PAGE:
Pharaoh Sheshonq I (variously spelled Sheshonk or Shoshenq) has occupied a position in the shadowlands of Egyptian history. Ruling from the Delta city of Bubastis (Per-Bast) c. 945-924 BC during the Third Intermediate Period, he is thought by some scholars to be the pharaoh ‘Shishak’ named in the Bible. His legacy and impact appear to be more frequently invoked by scholars of the Old Testament and in Canaanite studies, but Sheshonq’s place in Egyptian history should be in manyways just as important for Egyptology. Sheshonq’s attack on Canaan/Israel is mostly dismissed as a mere ‘raid and plunders’ expedition, but it was much more. The invasion challenged the political system of Israel at a critical moment and became a source of embarrassment for the leadership of Judah. From the Egyptian point of view the attack represents the last bid for imperial greatness and the most vigorous attempt to reinstate the Egyptian power that had characterised so much of the country’s history.
The Rise of Sheshonq
Sheshonq was not a native Egyptian; he was of Libyan Meshwesh ancestry, the son of Nimlot A, Great Chief of the Ma, and nephew of the Twenty-first Dynasty king Osorkon the Elder. He was adopted into the Egyptian royal court because of his skills as a fighter and promoted to the rank of ‘Great Chief of Chiefs’ by Pharaoh Pasebakhaenniut II (Psusennes II, c. 950-945 BC), giving him command of the Egyptian army. This promotion also gave him control of the city of Thebes and would have granted him a large number of administrative duties. Pasebakhaenniut II died shortly after the appointment was made and Sheshonq swooped in to claim the throne, becoming Hedjkheperra Setepenra Sheshonq I, founder of the Twenty-second Dynasty.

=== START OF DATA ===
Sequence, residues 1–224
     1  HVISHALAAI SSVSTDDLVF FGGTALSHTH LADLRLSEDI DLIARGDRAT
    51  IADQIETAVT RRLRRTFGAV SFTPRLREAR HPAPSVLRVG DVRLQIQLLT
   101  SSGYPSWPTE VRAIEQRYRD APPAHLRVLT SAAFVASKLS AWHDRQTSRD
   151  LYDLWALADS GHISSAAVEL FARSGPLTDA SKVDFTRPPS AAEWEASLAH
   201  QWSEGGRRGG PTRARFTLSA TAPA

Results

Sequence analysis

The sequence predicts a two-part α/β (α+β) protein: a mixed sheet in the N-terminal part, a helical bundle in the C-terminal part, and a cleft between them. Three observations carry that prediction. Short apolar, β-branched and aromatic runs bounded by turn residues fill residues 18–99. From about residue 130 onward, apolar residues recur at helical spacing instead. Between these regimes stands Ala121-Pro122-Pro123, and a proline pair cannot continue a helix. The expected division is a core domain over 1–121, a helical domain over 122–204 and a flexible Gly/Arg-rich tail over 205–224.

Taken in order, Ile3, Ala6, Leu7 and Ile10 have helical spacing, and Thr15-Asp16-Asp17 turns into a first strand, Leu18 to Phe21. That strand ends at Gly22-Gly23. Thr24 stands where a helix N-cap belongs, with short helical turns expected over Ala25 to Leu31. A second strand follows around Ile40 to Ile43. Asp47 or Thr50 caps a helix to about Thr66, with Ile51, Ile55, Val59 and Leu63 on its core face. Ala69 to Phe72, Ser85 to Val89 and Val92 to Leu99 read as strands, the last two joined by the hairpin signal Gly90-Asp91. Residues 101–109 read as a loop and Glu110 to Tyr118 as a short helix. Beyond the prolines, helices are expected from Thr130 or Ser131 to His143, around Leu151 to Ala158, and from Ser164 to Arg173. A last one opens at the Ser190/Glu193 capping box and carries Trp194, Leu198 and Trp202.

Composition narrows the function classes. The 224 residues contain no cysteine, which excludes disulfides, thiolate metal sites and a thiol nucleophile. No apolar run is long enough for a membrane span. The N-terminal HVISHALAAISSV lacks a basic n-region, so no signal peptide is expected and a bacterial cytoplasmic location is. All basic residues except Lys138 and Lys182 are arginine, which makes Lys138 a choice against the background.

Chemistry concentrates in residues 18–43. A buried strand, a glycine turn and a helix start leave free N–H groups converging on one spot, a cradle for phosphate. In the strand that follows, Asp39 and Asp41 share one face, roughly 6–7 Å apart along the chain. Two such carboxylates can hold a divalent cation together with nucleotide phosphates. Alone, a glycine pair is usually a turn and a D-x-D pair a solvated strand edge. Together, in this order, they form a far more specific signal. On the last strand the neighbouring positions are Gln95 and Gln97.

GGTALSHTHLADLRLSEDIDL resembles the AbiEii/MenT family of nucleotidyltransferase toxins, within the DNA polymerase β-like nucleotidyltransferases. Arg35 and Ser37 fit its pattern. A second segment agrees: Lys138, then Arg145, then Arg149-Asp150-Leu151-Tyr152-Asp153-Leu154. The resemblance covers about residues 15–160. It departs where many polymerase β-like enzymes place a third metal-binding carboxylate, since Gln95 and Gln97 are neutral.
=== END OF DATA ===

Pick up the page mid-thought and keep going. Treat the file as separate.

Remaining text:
Details on competition for the title are scarce but it is most likely he faced some form of challenge. In spite of his foreign ancestry, Sheshonq immediately began a programme to demonstrate his right to rule, re-instituting many of the traditional Egyptian forms of leadership, government, and religion. This is not unprecedented – other foreign leaders (such as the Hyksos Fifteenth and later Kushite Twenty-fifth Dynasties) found it convenient and necessary to adopt local customs in order to stabilize their rule. However the king also strengthened his control over Egypt by handing strategically important roles to his sons, ending the hereditary high priesthood of Thebes with the appointment of his son, Iuput A, to that position.
Attack on Canaan
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